Speaker 2:

So interesting. So everyone's sitting on their edge of the seats. Talk to us about the outcome. What'd you find? What, what, what came to the forefront through this?

Speaker 4:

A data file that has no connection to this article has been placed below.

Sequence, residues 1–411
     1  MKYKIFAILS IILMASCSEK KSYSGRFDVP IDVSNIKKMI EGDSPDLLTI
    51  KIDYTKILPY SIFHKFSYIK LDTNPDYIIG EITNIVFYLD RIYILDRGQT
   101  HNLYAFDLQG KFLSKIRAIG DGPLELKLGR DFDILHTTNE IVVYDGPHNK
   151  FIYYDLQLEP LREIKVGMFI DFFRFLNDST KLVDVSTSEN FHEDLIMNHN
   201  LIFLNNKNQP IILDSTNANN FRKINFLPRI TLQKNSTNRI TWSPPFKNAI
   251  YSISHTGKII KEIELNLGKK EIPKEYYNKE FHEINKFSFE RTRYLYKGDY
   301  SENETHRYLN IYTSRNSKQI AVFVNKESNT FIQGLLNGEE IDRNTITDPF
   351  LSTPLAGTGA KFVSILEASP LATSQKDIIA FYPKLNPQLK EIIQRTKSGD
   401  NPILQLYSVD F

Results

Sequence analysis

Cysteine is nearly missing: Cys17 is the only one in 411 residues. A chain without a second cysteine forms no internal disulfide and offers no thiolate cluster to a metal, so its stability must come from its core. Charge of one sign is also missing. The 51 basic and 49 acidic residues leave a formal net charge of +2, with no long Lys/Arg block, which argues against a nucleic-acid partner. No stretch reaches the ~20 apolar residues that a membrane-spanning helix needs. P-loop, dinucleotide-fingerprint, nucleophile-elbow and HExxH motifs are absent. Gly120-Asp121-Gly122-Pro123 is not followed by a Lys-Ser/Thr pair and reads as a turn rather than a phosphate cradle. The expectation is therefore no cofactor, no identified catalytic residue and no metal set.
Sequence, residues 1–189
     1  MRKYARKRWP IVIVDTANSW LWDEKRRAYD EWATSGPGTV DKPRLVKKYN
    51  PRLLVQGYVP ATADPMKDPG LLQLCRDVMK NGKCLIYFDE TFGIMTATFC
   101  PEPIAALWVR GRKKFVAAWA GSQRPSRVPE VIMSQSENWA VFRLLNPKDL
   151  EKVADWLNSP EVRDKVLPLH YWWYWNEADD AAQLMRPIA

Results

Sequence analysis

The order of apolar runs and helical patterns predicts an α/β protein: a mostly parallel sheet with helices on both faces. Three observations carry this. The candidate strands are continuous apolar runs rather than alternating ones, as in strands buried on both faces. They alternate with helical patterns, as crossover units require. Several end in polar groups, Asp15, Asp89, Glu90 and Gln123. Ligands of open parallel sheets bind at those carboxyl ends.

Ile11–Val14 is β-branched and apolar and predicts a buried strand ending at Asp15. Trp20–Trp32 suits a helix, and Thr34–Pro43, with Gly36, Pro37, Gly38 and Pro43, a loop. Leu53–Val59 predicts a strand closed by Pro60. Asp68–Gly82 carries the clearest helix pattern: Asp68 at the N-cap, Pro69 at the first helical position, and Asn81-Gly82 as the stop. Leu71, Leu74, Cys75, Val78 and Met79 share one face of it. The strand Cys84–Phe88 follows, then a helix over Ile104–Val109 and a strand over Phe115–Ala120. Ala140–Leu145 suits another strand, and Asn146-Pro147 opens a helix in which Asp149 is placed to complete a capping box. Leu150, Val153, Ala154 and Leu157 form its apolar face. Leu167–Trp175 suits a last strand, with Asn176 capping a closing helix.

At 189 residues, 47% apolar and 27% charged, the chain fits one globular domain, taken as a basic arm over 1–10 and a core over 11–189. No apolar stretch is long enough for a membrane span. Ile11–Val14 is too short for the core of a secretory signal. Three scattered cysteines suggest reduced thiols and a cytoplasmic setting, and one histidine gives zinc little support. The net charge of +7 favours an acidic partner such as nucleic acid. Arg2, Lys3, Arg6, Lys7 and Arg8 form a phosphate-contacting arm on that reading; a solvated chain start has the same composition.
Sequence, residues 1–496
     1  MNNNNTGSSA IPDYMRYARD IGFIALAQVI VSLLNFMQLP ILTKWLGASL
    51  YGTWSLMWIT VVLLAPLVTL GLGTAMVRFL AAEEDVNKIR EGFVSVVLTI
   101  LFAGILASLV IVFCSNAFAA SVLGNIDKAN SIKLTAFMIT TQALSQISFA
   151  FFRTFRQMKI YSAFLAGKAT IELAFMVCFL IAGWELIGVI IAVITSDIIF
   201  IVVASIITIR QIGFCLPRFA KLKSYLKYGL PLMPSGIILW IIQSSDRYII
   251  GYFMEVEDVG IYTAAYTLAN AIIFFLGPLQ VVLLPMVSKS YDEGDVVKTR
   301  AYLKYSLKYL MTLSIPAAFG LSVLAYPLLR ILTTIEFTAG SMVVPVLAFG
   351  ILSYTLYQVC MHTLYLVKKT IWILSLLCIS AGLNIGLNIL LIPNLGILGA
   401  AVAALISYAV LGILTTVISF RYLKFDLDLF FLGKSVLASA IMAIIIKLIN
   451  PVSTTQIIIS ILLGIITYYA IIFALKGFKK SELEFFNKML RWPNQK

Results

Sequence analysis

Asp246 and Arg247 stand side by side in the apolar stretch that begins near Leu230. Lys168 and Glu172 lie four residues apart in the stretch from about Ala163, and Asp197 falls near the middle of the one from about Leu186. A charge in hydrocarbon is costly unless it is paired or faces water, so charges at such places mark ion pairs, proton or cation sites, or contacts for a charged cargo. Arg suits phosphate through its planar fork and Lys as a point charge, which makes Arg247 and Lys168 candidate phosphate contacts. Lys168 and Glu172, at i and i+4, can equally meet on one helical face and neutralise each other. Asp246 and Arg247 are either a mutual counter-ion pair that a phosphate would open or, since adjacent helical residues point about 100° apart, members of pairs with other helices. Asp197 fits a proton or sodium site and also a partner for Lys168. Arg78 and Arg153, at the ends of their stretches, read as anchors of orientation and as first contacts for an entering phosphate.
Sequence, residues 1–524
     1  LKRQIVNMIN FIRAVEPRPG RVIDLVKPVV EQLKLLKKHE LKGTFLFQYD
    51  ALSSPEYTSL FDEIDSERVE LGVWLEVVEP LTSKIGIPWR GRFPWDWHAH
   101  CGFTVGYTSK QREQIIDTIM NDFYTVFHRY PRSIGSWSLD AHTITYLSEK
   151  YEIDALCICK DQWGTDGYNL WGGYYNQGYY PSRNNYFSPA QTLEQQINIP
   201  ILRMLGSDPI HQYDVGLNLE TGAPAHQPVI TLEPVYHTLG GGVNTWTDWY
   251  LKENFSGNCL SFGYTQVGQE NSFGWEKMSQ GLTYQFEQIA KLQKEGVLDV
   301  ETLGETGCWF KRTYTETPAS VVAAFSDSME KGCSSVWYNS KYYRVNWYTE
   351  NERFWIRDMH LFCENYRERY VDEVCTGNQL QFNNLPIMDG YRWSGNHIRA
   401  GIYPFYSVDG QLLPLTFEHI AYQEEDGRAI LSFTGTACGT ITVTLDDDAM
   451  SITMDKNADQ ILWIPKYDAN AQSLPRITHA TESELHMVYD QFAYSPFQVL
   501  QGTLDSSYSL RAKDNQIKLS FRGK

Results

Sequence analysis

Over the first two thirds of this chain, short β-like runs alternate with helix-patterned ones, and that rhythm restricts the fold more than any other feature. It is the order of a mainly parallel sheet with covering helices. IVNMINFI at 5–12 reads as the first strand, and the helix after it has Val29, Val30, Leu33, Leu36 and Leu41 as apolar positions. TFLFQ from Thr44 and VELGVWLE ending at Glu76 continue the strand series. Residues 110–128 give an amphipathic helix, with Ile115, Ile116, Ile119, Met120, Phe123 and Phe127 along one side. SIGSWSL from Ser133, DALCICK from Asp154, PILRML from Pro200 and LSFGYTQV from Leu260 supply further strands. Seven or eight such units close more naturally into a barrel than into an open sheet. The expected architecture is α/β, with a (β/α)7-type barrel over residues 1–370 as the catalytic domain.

So I don't mean to bore you with our research and minutia , but there's a few things that the listeners will need to understand about this study. First of all, there is no difference between our athlete group or ultra endurance athletes and our controls and blood pressure. So both groups had a normal blood pressure right around one 20 over 75. So it's important to note that because we wanted to make sure that any differences we were seeing weren't because there was just major group differences in the overall measurements, such as blood pressure, which can contribute to other cardiovascular diseases. Right? So in the age of is our participants, it was about 50 years old in both of our groups, as you would expect. We did, we did some measurements of body fat using an x-ray scan here at CSU or athletes were leaner than our controls, but both of our groups of both athletes and our controls were overall , um, healthy in terms of body mass index, the athletes had been training just slightly below 20 years. So 19 years was our average amount of years training. Um, and when we look at the physical activity per week, as a whole, our athletes were training about 11 and a half hours a week. And that's specific just to their train . We were really interested in their training. So they might've been doing extra physical activity on top of that. But in terms of being on the bike, being in the pool or running, it was 11 and a half hours on average was about five hours of physical activity a week. But this was a little more loose in terms of they could have been walking the dog. They could have been doing some lightweight exercise, they could have been playing a sport. So this was just general exercise. So it's really important when you think about they weren't out there at 5:00 AM on their bike riding for five hours or doing interval training out on the track. Um, that was just general activity. So when we looked at those measurements of heart structure and function, and that was our echocardiography data. So this was just to confirm that everybody just look like they had a normal heart in terms of basic functioning. The athlete's heart sizes were larger than our control group. And this is what you would typically see. Uh , if you look into the literature. So generally long-term endurance training, it promotes this condition called athlete's heart, and it's well established . Now that a bigger heart means you can pump more blood to your body when you're doing a ton of exercise. So that that's not of concern. However, when you see that you need to verify that the heart still works normally. So when we looked at measures of how well the heart contracts and relaxes, there was no differences between our athletes and our controls. So what that tells us is that although these individuals have larger hearts, they function normally. So that would suggest that those increased heart sizes are probably related to train because in some clinical populations, you can have a larger heart, but it doesn't actually work better. So we could confirm that it didn't seem like there was any impairment in just general heart function. So one of the next things we looked at were those coronary artery calcium scores . So do we detect any hardening in the coronary arteries? And in fact, we did , um , in our control group, we saw two individuals that had coronary artery calcium scores. And in our athlete group athlete group, we saw eight individuals. So it's important to point out to the listeners. There's a little bit of a difference between what might be clinically important. What's considered significant in terms of research and doing statistics. And when we compare these scores, a challenge is that these scores can range from having zero. So you're not detecting any calcium to well into the thousands. So often in research, when we're comparing , um , numbers between two different groups, we take an average from one group and we take an average from the other group and we compare those two averages. Now, as you imagine, when there's lots of zeros and then some numbers that could range into the hundreds and thousands, it's really difficult to compare an average from group a and an average from group B. So when we do our statistics, what we, what we essentially ask is, were there more athletes that had any calcium compared to controls? And when we ran those statistics, the answer was no. Um, and there's, there's a number of reasons that we could get into that could be potentially driving that. But in terms of number of participants, statistically, we didn't see that there is a difference, but when we look at the individual scores of those eight athletes that had calcium, a number of them had what would be considered reflective of a minimal to mild plaque burdens . So these scores, these numbers that you get are reflective of a plaque burden, so minimal to mild. However, there were a couple individuals that were in moderate to severe range. So on a clinical level, those are individuals that needed to be seen by their, their doctors immediately. When we look at the control group, the two individuals that had calcium were both in the minimal range. Uh , in fact, both of them had a calcium score below two, so quite low compared to the athletes that range from the lowest athlete has a six and the highest was in the mid five hundreds. Um , so we thought that was interesting and our statistics weren't showing a difference, but we were still curious because when we look at these, we look at these graphs that we have, there is eight athletes and only two controls that had these calcium scores , um, out of 43 total people. So we were curious about that. So what we did is we, we took another step and wanted to see, is there a relationship between the volume of physical activity, someone does each week having any calcium score? So any calcium score that was above zero and what we found was, yes. So this is actually reflective of what some other studies have shown and perhaps , uh, some bigger studies, which you study, more people, you have more power to detect differences. So certainly a limitation of this study, which only studied 43 people, but we still found that relationship, which was surprising to us. So what we were curious about once we found this relationship, we were wondering, is there anything else contributing to this? We knew a number of things can lead to the development of calcium and things like age, gender, blood pressure, and body fat can all be contributors to the development of calcium. So we were wondering, well, is there just something else there that we're missing and is one of these other factors , um , driving this relationship? So we could add all of those to our statistical tests , along with his exercise volume. And even when we added these other things that contribute , um , or could potentially contribute exercise was still a predictor of having an increased odds of having any calcium score compared to having none. So once again, in this population that we were pretty careful in screening for any other risk factors that potentially would contribute to disease, as well as having some of these measurements towards statistical testing, to try to account for that. It seemed like exercise volume is still playing a role, which is pretty curious